June 2017
Volume 58, Issue 8
Open Access
ARVO Annual Meeting Abstract  |   June 2017
In vitro studies on the interaction of guinea pig αA crystallin and αA crystallin (66-80) peptide using fluorescence polarization and transmission electron microscopy
Author Affiliations & Notes
  • Anbarasu Kumarasamy
    Eye Research Institute, Oakland University, Rochester, Michigan, United States
    Marine Biotechnology, Bharathidasan University, Tiruchirappalli, Tamil Nadu, India
  • Sivakumar Jeyarajan
    Eye Research Institute, Oakland University, Rochester, Michigan, United States
  • Victoria A. Kimler
    Eye Research Institute, Oakland University, Rochester, Michigan, United States
  • Anthony Premceski
    Eye Research Institute, Oakland University, Rochester, Michigan, United States
  • Jonathan Cheon
    Eye Research Institute, Oakland University, Rochester, Michigan, United States
  • Vidhi Mishra
    Eye Research Institute, Oakland University, Rochester, Michigan, United States
  • Frank Joseph Giblin
    Eye Research Institute, Oakland University, Rochester, Michigan, United States
  • Footnotes
    Commercial Relationships   Anbarasu Kumarasamy, None; Sivakumar Jeyarajan, None; Victoria Kimler, None; Anthony Premceski, None; Jonathan Cheon, None; Vidhi Mishra, None; Frank Giblin, None
  • Footnotes
    Support  NIH Grant EY02027; UGC-Raman Post Doctoral Fellowship (2015-16), Bharathidasan University, Tiruchirappalli, India; Detroit Medical Center Foundation; Oakland University Center for Biomedical Research; Vision Research ROPARD Foundation.
Investigative Ophthalmology & Visual Science June 2017, Vol.58, 5301. doi:
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      Anbarasu Kumarasamy, Sivakumar Jeyarajan, Victoria A. Kimler, Anthony Premceski, Jonathan Cheon, Vidhi Mishra, Frank Joseph Giblin; In vitro studies on the interaction of guinea pig αA crystallin and αA crystallin (66-80) peptide using fluorescence polarization and transmission electron microscopy. Invest. Ophthalmol. Vis. Sci. 2017;58(8):5301.

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      © ARVO (1962-2015); The Authors (2016-present)

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Abstract

Purpose : Treatment of guinea pigs with hyperbaric oxygen produces increases in lens nuclear light scattering, crystallin aggregation and levels of truncated αA crystallin in the form of αA crystallin (66-80) peptide. This peptide is also known to be present in human nuclear cataracts. We hypothesize that binding of the peptide to αA crystallin in the oxygen-treated guinea pig lens in vivo contributes to crystallin aggregation, as has been proposed for the aging human lens by Sharma, K.K. and colleagues. Here we investigated binding properties of the peptide in vitro with recombinant guinea pig αA crystallin using fluorescence polarization (FP) and transmission electron microscopy (TEM).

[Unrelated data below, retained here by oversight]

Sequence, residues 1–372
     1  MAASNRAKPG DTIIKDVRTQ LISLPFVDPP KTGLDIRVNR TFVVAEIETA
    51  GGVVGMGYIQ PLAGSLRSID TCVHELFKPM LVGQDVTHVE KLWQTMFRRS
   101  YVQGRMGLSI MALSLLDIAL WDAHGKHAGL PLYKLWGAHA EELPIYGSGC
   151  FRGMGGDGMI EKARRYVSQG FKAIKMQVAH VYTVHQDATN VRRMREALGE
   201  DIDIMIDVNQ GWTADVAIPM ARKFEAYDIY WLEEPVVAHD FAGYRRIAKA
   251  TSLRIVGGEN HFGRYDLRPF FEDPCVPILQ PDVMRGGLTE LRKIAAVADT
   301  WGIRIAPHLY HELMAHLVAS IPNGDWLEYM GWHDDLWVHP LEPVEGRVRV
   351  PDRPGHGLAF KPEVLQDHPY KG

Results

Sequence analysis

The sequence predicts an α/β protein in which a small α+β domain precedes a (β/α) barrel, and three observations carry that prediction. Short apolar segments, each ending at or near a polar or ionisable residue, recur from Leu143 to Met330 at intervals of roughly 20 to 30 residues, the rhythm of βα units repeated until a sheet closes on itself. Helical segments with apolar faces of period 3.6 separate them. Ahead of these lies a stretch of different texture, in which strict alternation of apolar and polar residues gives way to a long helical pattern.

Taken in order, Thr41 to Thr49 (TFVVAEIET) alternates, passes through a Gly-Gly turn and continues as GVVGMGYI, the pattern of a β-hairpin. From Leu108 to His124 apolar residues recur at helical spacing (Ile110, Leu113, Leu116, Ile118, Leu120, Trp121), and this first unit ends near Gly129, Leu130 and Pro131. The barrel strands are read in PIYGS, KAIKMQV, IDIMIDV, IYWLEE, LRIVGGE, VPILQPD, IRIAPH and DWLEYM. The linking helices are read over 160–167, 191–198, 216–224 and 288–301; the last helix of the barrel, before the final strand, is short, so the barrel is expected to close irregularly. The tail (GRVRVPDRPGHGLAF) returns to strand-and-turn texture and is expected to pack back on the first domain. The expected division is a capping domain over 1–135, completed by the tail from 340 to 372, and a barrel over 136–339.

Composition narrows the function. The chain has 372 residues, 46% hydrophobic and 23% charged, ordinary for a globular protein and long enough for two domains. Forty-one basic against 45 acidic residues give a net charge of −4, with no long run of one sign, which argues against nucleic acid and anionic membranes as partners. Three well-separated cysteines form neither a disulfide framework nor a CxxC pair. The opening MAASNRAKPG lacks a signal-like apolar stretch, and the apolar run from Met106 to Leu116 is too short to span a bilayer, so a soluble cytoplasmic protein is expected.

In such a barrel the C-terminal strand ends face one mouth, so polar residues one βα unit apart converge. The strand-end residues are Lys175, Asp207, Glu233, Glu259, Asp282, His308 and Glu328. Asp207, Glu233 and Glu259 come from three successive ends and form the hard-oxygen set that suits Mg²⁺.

Methods : Recombinant guinea pig αA crystallin was overexpressed in E. coli and purified by ion exchange and size exclusion chromatography. Synthetic human αA crystallin (66-80) peptide, fluorescently tagged with 5-FAM, was mixed with αA crystallin (0.05 mg/ml peptide and 0.20 mg/ml protein), and FP measured at 1, 2, 3, 4 and 24 h at 37°C using a BioTek Cytation 3 microplate reader. Control experiments were conducted with peptide and bovine serum albumin (BSA). TEM analysis was used to visualize proteins and peptides at 0 and 24 h following negative staining of the samples with 2% aqueous uranyl acetate.

Results : A gradual increase in FP for peptide plus αA crystallin was observed up to 4 h; however, FP values dropped dramatically at 24 hr. In contrast, peptide plus BSA produced a continuous increase in FP up to the 24 h time period. Analysis by TEM showed that incubation of peptide with αA crystallin for 24 h produced large aggregates in the form of long spherical chains that coexisted with doughnut-like discrete structures of αA crystallin. αA crystallin plus peptide at 0 h, αA crystallin alone at 24 h, and BSA plus peptide at 24 h did not show similar aggregate formation.

Conclusions : αA crystallin (66-80) peptide was shown by FP and TEM analysis to bind to guinea pig αA crystallin in vitro and induce the formation of large protein aggregates. The results provide evidence that a similar mechanism may be involved in the guinea pig/hyperbaric oxygen in vivo model for human nuclear cataract.

This is an abstract that was submitted for the 2017 ARVO Annual Meeting, held in Baltimore, MD, May 7-11, 2017.

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